Building for Everyone | Annie Jean-Baptiste

Summary of: Building for Everyone: Expand Your Market with Design Practices from Google’s Product Inclusion Team
By: Annie Jean-Baptiste

Introduction

In today’s increasingly diverse world, the need for inclusivity in product design has become essential. Ignoring this approach risks alienating a huge group of potential customers with significant purchasing power. ‘Building for Everyone’ by Annie Jean-Baptiste introduces the concept of product inclusion and offers insights into Google’s practices in creating inclusive products and services. By exploring examples of how Google transformed its internal design processes and leveraged diverse perspectives, this book summary highlights the importance of intentional inclusivity in design and offers actionable strategies for businesses to follow.

The Business Case for Inclusive Product Design

Firms that fail to consider diversity, equity, and inclusion (DEI) in product and service design risk alienating large groups of potential customers, limiting profitability, and losing moral standing. Inclusive product design requires deliberate and proactive planning for diverse needs and perspectives. The key is to involve a wide range of users in product design from the start, make design teams diverse, and test prototypes with diverse users. Google’s Assistant product serves as an example of inclusive product design, built with input from affinity groups representing diverse interests and dimensions. Inclusive products and services provide opportunities to more consumers, who spend more time considering, discussing, and buying them. In essence, inclusion breeds profit and recognition, making it an essential aspect of product design.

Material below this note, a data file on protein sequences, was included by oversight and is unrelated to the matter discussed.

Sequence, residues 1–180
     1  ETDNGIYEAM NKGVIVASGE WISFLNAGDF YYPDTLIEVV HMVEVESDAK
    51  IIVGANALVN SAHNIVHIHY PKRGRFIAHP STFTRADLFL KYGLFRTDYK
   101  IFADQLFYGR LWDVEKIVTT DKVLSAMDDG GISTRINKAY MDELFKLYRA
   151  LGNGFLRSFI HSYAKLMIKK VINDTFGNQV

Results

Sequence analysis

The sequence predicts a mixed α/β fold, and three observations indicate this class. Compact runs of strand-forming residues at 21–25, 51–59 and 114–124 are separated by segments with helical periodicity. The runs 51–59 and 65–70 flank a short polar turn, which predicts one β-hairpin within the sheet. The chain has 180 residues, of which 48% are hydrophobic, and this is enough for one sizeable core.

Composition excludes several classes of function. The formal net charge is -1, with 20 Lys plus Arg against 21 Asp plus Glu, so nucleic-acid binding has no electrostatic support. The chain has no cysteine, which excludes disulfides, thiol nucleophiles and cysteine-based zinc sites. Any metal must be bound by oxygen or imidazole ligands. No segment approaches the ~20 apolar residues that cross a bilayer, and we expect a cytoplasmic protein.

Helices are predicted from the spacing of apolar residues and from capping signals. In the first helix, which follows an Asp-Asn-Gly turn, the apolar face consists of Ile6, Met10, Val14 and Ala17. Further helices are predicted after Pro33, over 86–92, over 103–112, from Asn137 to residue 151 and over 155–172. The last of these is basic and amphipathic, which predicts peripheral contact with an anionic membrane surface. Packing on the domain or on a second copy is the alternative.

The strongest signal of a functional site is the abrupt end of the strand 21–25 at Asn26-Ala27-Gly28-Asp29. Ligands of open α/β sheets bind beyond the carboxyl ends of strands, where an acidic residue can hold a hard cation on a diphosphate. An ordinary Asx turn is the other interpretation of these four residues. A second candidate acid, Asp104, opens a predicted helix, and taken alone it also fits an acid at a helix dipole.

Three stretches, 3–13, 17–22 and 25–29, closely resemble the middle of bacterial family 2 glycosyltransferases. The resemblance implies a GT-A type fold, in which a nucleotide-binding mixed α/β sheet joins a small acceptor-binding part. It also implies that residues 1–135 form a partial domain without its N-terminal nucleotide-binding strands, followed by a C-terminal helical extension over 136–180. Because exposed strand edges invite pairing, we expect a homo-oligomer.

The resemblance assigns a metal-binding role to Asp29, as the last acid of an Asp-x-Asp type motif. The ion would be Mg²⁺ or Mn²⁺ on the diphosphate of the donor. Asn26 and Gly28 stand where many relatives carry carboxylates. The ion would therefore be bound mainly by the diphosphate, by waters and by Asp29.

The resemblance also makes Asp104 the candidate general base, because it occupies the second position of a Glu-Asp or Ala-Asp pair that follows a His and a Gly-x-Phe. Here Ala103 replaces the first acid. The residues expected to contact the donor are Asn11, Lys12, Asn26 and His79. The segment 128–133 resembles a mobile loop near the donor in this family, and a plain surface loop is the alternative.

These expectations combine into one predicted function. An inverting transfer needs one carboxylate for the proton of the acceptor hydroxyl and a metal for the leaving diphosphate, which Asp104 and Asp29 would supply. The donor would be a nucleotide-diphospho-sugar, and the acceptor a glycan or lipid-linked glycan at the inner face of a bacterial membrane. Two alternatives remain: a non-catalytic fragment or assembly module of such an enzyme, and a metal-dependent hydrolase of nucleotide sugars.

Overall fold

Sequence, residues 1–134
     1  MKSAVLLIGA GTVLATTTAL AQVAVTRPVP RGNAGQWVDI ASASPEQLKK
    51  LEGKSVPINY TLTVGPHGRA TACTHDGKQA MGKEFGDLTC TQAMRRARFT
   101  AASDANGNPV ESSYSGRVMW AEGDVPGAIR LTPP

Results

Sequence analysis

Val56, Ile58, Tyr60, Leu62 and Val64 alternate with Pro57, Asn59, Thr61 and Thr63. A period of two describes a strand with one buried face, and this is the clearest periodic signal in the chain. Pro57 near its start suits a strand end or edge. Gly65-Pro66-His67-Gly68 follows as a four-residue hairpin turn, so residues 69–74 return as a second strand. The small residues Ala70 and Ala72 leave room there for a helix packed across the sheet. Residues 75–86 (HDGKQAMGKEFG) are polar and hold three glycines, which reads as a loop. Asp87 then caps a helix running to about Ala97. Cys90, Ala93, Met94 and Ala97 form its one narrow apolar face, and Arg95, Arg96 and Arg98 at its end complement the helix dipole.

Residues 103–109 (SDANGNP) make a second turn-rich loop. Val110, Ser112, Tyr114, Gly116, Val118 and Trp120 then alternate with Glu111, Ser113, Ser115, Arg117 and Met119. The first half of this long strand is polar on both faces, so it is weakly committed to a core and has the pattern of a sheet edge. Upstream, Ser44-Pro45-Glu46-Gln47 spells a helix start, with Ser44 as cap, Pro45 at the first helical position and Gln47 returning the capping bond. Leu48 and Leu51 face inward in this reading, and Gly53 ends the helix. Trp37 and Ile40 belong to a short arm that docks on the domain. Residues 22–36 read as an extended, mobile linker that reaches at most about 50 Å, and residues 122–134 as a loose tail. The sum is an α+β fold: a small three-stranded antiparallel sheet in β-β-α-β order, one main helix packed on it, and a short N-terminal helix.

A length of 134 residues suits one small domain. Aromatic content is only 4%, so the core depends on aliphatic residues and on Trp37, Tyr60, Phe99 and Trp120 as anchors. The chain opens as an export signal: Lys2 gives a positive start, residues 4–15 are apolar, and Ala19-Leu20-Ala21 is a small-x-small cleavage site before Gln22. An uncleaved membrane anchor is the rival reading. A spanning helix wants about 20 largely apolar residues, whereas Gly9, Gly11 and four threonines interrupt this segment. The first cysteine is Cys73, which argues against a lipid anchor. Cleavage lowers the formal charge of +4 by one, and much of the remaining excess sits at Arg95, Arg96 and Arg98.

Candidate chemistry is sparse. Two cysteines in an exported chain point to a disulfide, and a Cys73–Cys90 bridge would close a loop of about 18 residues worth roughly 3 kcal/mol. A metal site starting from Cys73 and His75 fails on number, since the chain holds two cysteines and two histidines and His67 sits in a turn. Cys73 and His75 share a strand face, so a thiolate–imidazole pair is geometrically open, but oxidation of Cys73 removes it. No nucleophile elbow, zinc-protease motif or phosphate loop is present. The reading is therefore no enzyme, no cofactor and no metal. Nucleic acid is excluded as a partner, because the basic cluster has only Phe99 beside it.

Building Inclusive Products

Inclusive product design is not an afterthought, but should be embedded in the planning and information-gathering stage. Google’s product inclusion team is an example of an ethical and business-driven initiative, which advises designers and managers on how to build better products through original research, testing, and education. By investing time upfront in learning, getting an executive sponsor and aligning business issues and inclusion problems, a team can create a plan to test or pilot a product and measure success. The earlier that diversity and inclusion are included in the product design, the greater the impact.

Building a Diverse and Inclusive Product

Building a diverse and inclusive product requires creating an atmosphere of curiosity and ensuring that everyone feels respected and heard. The product inclusion team should engage with underrepresented groups and collect data and knowledge to incorporate diverse perspectives throughout all stages of product design. This includes attending product meetings, identifying DEI priorities, and addressing as many dimensions of diversity as possible. Convincing skeptical product managers and others can be done by sharing data or inviting them to speak with diverse people and groups. Building a product inclusion muscle takes time, but the rewards are worth it.

Emphasize Ethical Reasons and Research Data for Inclusive Business

When advocating for underrepresented groups in business, it is important to balance emphasizing the ethical reasons for inclusion with data that demonstrates the financial benefits. Personal stories about real people and the human consequences of exclusion can also be impactful. Market size estimates framed in financial terms can help convince decision-makers. However, implementation and execution require employee buy-in. Efforts need to be made to secure support from both top-down and bottom-up perspectives, including involving employees in planning and designs.

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